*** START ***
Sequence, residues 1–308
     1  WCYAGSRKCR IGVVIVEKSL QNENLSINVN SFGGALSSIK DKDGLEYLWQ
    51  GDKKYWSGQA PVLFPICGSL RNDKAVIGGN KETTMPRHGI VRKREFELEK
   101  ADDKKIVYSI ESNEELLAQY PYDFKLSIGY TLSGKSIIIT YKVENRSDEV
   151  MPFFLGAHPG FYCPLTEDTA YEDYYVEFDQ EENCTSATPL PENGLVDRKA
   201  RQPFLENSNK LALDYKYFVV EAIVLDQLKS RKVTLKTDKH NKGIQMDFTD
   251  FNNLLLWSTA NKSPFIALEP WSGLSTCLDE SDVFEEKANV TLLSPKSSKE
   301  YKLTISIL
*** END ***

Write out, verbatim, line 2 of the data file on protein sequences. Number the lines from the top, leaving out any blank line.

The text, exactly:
     1  WCYAGSRKCR IGVVIVEKSL QNENLSINVN SFGGALSSIK DKDGLEYLWQ